Here are some options for biodegradable cat litter:
DIY Cat Litter
We'll start with our favorite and most sustainable option, DIY cat litter. Yes, it's possible and yes it's a bit involved but it's very worth it if you really want to cut back on the wasteful packaging and shipping that come with all the other litters we list below. For a DIY cat litter recipe, check out this one from Treehugger.
Like the DIY cat litter above, paper can be a great source for kitty litter. Paper litter is made from processed and recycled paper. It’s a great choice for cats with injured paws as paper cat litter is non-irritable. While paper cat litter is softer and more absorbent than clay, it doesn’t suppress odor as well.
We like this one made in Michigan from Fresh News as it's made form 100% post recycled paper. Plus they created a community recycling program called PaperGator where non-profit organizations, primarily churches and schools, get paid for collecting paper products both internally and from their communities.
World's Best corn-based cat litter is made in Iowa from finely-ground corn kennels or ground corn cobs. There’s no dust, no obvious smell, and it’s easy to scoop because it clumps well. We love that the company has taken a waste product like cobs and repurposed them. Bonus, they will donate 5lbs of cat litter to a shelter in need when you share a photo of you and your cat on social.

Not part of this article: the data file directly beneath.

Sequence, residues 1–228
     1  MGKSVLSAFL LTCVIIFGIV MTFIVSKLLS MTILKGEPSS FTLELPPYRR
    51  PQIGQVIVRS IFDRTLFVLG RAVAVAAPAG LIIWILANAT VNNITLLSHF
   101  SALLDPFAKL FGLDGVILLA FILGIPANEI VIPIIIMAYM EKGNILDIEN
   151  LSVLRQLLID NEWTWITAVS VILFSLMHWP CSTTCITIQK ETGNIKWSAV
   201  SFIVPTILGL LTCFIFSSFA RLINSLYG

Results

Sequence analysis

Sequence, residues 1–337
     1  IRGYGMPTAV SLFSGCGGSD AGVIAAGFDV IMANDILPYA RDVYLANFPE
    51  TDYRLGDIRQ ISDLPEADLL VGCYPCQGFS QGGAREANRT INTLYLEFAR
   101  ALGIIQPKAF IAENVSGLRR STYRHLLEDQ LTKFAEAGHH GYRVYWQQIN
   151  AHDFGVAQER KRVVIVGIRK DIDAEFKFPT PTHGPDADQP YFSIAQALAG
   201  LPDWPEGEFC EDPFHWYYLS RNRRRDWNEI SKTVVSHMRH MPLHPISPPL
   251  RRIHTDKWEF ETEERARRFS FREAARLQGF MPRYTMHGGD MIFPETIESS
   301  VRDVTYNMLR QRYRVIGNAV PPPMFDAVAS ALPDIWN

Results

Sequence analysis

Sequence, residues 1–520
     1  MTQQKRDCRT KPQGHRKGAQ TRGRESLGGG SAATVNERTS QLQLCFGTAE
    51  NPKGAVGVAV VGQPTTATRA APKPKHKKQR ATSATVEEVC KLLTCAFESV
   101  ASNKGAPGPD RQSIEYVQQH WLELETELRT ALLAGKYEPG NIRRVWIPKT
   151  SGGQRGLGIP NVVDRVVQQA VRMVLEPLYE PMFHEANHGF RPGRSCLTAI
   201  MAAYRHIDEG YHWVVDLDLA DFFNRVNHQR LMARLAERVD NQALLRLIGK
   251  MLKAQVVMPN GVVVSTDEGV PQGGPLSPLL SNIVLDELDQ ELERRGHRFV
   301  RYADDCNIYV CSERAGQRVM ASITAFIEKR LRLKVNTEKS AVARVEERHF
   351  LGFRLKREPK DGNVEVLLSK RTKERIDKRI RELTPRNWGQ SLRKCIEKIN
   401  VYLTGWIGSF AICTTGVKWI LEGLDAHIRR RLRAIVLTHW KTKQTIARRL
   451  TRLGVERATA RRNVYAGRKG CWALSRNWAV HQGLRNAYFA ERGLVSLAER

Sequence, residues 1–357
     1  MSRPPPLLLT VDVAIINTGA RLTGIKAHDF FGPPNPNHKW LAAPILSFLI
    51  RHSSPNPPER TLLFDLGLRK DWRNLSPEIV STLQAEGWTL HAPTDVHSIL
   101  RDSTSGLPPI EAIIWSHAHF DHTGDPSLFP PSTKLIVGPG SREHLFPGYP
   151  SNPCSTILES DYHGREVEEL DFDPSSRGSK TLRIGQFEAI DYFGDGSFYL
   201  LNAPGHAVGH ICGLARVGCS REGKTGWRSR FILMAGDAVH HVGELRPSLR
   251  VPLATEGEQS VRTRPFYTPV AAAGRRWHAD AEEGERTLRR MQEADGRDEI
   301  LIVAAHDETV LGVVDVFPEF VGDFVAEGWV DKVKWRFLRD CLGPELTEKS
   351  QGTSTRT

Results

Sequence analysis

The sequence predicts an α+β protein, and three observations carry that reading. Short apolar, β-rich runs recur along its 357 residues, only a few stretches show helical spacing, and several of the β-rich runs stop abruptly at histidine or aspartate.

Compared to clay litter, wheat litter is much better for our earth. It’s made from processed wheat which means that it’s possible to be flushed away. Though with flushing, make sure you act when the excrement is fresh and not dried as it could lead to clogged toilets. And be extra cautious if you use a low flow toilet or have a septic tank - these are also easy ways to back up a system. When a cat urinates, wheat litter can be easily scooped out of the litter box as the wheat transforms into sawdust-like debris. We like sWheat Scoop (wheat and corn blend) because it's made in the USA and they support PlasticBank, an ocean based plastic waste recovery program.
Eco-shell is a Californian brand that supports sustainability with their non-GMO and biodegradable products all made 100% with solar power. Their Naturally Fresh Cat Litter is 100% natural and eco-friendly. Walnut-based, it provides super odor control and is quick clumping. Plus, it’s dust free so you and your cat can breathe easy! We really like their sustainability page.